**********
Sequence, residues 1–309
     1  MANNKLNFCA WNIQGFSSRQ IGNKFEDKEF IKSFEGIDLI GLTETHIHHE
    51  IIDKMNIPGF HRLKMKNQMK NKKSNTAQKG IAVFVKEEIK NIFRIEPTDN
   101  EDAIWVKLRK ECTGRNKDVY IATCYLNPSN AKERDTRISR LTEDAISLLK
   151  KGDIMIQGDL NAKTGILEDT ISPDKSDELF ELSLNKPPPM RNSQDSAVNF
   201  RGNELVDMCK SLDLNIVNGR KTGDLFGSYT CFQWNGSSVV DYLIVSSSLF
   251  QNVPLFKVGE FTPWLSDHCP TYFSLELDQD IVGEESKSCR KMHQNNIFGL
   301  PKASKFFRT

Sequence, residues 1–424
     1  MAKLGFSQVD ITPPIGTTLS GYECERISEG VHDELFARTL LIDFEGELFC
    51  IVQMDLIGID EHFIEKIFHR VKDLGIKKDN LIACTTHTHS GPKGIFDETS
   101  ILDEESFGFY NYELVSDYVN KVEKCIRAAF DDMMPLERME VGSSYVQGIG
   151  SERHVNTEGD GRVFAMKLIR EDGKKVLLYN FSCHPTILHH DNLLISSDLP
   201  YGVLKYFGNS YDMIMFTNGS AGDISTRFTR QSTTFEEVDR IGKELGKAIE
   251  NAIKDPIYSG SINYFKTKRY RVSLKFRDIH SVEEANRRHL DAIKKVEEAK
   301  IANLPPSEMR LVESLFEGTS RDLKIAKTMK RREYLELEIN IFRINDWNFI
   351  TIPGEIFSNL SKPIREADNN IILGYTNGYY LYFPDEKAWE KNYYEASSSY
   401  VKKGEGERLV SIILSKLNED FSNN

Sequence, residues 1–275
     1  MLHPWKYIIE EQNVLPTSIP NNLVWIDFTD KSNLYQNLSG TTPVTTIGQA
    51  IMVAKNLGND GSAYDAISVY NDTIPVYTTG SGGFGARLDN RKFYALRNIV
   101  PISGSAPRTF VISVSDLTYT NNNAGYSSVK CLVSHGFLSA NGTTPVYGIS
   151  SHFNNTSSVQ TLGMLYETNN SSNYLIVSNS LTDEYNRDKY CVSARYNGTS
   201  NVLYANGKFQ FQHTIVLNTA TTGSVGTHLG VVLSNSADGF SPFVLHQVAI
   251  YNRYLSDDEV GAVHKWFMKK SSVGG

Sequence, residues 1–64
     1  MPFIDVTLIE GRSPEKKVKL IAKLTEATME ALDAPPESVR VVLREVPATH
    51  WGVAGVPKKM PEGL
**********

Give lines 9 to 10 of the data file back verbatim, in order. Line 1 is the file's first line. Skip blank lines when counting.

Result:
Sequence, residues 1–424
     1  MAKLGFSQVD ITPPIGTTLS GYECERISEG VHDELFARTL LIDFEGELFC